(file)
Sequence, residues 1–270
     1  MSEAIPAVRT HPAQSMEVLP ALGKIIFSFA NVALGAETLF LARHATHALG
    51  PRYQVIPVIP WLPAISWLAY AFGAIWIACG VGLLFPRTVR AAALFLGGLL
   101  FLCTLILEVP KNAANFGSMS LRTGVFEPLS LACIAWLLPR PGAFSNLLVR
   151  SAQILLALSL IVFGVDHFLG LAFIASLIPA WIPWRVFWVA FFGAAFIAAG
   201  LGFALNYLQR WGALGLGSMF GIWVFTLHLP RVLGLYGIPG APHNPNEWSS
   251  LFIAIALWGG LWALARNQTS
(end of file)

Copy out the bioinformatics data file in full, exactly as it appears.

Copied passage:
Sequence, residues 1–270
     1  MSEAIPAVRT HPAQSMEVLP ALGKIIFSFA NVALGAETLF LARHATHALG
    51  PRYQVIPVIP WLPAISWLAY AFGAIWIACG VGLLFPRTVR AAALFLGGLL
   101  FLCTLILEVP KNAANFGSMS LRTGVFEPLS LACIAWLLPR PGAFSNLLVR
   151  SAQILLALSL IVFGVDHFLG LAFIASLIPA WIPWRVFWVA FFGAAFIAAG
   201  LGFALNYLQR WGALGLGSMF GIWVFTLHLP RVLGLYGIPG APHNPNEWSS
   251  LFIAIALWGG LWALARNQTS